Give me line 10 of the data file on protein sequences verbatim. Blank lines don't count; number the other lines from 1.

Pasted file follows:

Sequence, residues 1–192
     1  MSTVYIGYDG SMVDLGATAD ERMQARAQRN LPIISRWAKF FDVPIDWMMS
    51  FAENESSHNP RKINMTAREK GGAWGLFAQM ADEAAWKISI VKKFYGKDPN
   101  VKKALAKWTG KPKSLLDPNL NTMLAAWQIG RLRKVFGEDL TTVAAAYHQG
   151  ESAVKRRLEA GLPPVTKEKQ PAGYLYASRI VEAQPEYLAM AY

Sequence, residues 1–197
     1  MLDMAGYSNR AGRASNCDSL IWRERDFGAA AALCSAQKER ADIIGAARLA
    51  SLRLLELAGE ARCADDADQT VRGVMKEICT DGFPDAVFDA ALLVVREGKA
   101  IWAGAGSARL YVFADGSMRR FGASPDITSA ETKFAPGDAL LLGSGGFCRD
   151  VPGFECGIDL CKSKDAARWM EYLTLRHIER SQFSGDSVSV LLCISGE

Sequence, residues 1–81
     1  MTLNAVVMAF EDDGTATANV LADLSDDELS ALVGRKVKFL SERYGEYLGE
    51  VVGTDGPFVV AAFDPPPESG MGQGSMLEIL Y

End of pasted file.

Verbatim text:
   151  VPGFECGIDL CKSKDAARWM EYLTLRHIER SQFSGDSVSV LLCISGE